If you listen to most of the projections out there, as soon as Ben Simmons and Brandon Ingram come off the board, this whole draft is going up in flames. There’s no real consensus regarding who the third-best player is or what players should or should not be in the next talent tier. While this draft may not be as eye-opening as 2015, history tells us there still will be solid prospects available at almost every pick. What that means is that guys who go late in the first round or early in the second could have as much value as guys who go late in the lottery. So what should we be looking for? Here are five examples of guys who fit archetypes that generally outperform their draft spot.
The Overlooked Senior: Malcolm Brogdon
It’s not easy to get excited about selecting a 23-year-old with average NBA athleticism, but there’s a lot to be excited about in Brogdon’s profile. He was the 2016 ACC Player of the Year and Defensive Player of the Year. He posted excellent all-around offensive numbers in UVA’s slow-paced system: 18.2 points on 45.7 percent shooting, including 39.1 percent from 3, 4.1 rebounds, and 3.1 assists. He’s a high-character, high-basketball-IQ player who can be plugged into an NBA system right away. At 6-foot-6, 223 pounds, with a 6-foot-11 wingspan, he has the size and reach to guard multiple positions at the next level, even if he’s not a highflier like former college teammate Justin Anderson, a first-round pick in 2015.
The 3-and-D Guy: Patrick McCaw
If long, athletic wing players who can shoot, dribble, and pass are more your thing, McCaw is one of the most interesting players in the second half of the draft. At 6-foot-7, 181 pounds, with a 6-foot-10 wingspan, McCaw is a lightning-fast player with quick hands (2.5 steals per game in 2015–16) — there are entire compilations on YouTube dedicated to McCaw’s ability to steal the ball and score on the other end — that make up for his lack of bulk. He’s also a decent long-range shooter (36.6 percent on 5.6 3-point attempts per game) with a good feel for the game (3.9 assists). He’s being penalized because he wasn’t an elite recruit or a star player and played on a bad UNLV team, but that doesn’t mean he lacks the skill set to be a perfect fit as a role player at the next level.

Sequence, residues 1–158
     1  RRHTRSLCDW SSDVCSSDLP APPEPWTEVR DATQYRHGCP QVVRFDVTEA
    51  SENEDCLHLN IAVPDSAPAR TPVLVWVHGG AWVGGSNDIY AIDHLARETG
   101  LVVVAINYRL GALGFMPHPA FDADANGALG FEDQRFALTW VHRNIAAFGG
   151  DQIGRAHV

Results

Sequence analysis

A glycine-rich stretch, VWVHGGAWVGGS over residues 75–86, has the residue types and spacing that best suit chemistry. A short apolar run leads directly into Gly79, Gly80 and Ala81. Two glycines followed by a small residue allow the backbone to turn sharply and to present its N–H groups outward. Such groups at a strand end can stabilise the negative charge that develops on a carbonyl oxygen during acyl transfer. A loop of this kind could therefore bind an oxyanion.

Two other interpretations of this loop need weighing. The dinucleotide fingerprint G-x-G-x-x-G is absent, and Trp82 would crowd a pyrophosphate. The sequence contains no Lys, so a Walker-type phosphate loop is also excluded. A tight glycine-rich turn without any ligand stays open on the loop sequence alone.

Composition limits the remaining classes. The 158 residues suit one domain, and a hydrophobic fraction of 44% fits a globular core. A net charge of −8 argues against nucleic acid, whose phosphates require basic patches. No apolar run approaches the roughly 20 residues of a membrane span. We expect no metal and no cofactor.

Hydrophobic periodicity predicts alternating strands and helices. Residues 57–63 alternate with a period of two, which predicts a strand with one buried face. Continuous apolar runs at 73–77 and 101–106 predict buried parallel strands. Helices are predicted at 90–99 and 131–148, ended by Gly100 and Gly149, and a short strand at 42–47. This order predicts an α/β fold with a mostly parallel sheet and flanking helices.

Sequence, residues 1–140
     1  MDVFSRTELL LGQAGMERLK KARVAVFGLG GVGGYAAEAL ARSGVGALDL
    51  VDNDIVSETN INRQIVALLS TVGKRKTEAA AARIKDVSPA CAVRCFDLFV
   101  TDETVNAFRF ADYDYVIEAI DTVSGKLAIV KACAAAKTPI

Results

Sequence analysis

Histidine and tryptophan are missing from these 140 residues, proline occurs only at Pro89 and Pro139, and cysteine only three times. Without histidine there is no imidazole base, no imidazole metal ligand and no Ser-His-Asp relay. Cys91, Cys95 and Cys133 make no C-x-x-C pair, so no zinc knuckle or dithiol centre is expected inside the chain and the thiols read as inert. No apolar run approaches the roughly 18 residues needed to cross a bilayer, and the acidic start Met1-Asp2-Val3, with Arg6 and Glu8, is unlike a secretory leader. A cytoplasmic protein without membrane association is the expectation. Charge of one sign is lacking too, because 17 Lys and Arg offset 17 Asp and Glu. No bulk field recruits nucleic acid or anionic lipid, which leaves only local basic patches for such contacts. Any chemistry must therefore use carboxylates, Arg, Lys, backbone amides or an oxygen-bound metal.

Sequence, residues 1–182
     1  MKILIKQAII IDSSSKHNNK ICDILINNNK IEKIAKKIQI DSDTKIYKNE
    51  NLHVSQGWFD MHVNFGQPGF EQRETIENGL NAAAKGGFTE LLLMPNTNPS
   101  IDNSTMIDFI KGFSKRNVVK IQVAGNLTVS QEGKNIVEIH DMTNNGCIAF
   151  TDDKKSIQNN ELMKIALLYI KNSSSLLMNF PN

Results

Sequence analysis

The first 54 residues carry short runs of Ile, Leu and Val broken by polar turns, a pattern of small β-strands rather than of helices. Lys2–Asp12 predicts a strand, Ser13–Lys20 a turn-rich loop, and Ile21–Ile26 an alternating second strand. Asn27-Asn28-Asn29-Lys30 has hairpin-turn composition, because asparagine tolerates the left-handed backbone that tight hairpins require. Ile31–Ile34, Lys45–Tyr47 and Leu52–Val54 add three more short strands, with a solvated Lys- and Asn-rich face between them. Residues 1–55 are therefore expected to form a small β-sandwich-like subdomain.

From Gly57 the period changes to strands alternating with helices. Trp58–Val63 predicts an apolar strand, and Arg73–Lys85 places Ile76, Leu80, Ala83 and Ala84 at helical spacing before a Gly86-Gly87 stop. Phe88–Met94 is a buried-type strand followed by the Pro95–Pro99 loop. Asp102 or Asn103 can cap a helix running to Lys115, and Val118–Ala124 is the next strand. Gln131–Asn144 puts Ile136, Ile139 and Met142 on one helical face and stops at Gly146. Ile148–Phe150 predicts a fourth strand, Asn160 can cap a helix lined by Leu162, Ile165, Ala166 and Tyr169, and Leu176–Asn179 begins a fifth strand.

The Medical-Red-Flag Scare: Caris LeVert
If LeVert hadn’t broken his foot twice and endured other leg injuries in college, he would be a top-20 lock. He’s got everything a wing in the modern NBA needs: shooting (a career 40.1 percent shooter from 3), playmaking (4.9 assists per game), scoring (16.5 points per game), rebounding (5.3 boards per game), and the length (6-foot-10 wingspan) to guard multiple positions. He reminds me a lot of Khris Middleton, another long wing with a good IQ who slipped into the second round because of injury concerns. Whether or not LeVert can stay healthy at the next level, I have no idea. There will come a point pretty early in the second round when he becomes worth the gamble, though.
The Overshadowed Role Player: Robert Carter Jr.
If you were dying for a blueprint on how to get overlooked in college, Robert Carter can offer his expertise. He shared the floor with four other NBA prospects who wanted the ball in their hands on an underachieving team. Carter never got to show what he could do playing with Melo Trimble, Rasheed Sulaimon, Jake Layman, and Diamond Stone, but he is the easiest to project of the bunch because of his physical tools. At 6-foot-9, 251 pounds, with a 7-foot-3 wingspan, he has the size to be a small-ball 5, the athleticism to be a 4, and the skill set of a 3. So if he can ever commit himself to defense and proper conditioning, he could be a real steal.
The Extremely Small Player: Kay Felder
Kentucky’s Tyler Ulis has gotten most of the love in the 5-foot-10-and-under set this year, but Felder’s ball-dominant, bucket-heavy game resembles the success stories of Isaiah Thomas and J.J. Barea a lot more than Ulis’s more restrained floor general approach. Felder put up eye-popping statistics at Oakland — 24.4 points on 48.5 percent shooting, including 35.5 percent from 3, 9.3 assists, 4.3 rebounds, and 2 steals — and it wasn’t just against mid-major competition. He put up 38 points, 6 rebounds, and 9 assists against Washington, 37 points and nine assists against Michigan State, and dropped 30 points on the vaunted Virginia defense. He’s not afraid of anyone and he will be a fan favorite wherever he goes.